On Sept. 6, 2019, New Hampshire Gov. Chris Sununu signed Senate Bill 190, adopting market-based sourcing for purposes of the state’s Business Enterprise Tax and Business Profits Tax (BPT). The new sourcing methodology, which replaces the current cost-of-performance method, becomes effective on Jan. 1, 2021, and applies to all taxable periods ending on or after Dec. 31, 2021.
Under a cost-of-performance approach, sales other than sales of tangible personal property were considered to be within New Hampshire if the revenue-producing activity was either performed wholly within the state or performed both within and outside the state with a greater proportion performed within the state than any other state, based on costs of performance.
The amended sourcing law provides that the following categories of sales/income must be sourced to New Hampshire when calculating the apportionment sales factor:
- Sales, rentals, leases, or licenses of real property located within the state
- Rentals, leases, or licenses of tangible personal property located within the state
- Sales of services delivered to a location within the state
- Sales, rentals, leases, or licenses of intangible property used within the state
- Interest income when the debtor or encumbered property is located within the state
- Divided income when the business is domiciled in the state
- Other income that is derived from sources within the state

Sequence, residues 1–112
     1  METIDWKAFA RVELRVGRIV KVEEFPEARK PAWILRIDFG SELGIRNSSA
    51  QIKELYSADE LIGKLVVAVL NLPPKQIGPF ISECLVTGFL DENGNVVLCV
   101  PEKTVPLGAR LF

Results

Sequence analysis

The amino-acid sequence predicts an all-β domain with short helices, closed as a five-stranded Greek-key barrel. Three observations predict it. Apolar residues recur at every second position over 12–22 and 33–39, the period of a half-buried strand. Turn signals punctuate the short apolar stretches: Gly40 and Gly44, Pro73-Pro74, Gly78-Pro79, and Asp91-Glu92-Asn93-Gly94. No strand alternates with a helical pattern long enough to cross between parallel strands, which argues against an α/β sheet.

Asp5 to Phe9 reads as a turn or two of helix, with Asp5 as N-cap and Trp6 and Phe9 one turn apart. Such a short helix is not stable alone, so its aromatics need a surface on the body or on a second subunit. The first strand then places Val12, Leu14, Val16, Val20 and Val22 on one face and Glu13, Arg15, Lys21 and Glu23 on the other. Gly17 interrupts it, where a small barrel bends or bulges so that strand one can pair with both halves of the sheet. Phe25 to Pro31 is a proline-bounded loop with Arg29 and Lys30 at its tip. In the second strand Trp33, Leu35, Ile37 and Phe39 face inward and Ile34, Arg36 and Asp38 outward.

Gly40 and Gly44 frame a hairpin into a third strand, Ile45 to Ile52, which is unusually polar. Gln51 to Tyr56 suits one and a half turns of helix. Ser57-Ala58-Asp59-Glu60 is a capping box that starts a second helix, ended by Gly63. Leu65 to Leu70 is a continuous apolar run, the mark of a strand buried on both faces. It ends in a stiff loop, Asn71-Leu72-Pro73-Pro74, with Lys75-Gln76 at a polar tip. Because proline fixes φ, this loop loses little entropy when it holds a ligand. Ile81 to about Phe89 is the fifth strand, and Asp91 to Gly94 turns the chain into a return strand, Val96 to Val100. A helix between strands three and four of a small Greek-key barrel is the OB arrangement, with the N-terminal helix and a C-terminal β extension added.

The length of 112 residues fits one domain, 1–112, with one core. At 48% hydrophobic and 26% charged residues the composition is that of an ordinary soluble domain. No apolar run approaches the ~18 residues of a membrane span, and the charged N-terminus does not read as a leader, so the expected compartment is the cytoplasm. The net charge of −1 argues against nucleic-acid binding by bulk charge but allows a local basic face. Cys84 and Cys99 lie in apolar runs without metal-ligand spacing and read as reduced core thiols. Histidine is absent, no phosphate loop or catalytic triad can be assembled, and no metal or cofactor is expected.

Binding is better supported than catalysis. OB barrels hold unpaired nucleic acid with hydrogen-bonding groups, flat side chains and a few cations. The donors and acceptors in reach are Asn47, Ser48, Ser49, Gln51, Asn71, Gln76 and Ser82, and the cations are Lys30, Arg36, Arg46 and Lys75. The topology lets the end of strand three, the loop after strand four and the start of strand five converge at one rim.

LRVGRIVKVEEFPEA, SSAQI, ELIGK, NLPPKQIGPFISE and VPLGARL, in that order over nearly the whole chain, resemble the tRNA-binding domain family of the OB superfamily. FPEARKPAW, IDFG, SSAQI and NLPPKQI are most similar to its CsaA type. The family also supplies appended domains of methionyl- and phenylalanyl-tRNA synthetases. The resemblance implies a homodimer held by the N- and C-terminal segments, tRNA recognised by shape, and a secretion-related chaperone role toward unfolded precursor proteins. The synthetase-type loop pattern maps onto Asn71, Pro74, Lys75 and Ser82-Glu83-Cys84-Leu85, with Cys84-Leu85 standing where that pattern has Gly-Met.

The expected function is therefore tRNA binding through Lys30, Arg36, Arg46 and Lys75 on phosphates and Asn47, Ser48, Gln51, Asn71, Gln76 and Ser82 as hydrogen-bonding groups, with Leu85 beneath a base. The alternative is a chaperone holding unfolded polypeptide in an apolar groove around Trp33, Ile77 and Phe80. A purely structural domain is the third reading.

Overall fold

If the state or states of assignment cannot be determined through the foregoing rules, the state or states of assignment must be reasonably approximated. The amended law also includes a “throw-out rule,” which excludes from the numerator and denominator of the sales factor any sales other than sales of tangible personal property if the taxpayer is not taxable in the state to which the sale is assigned, or if the state of assignment cannot be determined or reasonably approximated.
Finally, the bill establishes a legislative committee to study the apportionment of gross business profits under the BPT and to study other states’ market-based sourcing rules and their impact.
All companies doing business in New Hampshire and selling services or selling mixed services and tangible personal property should be aware of the revised sourcing methodology. New Hampshire is one of over two-dozen states to adopt market-based sourcing. As noted above, the sourcing rules can be complicated. Companies should consult with their tax advisors for additional information.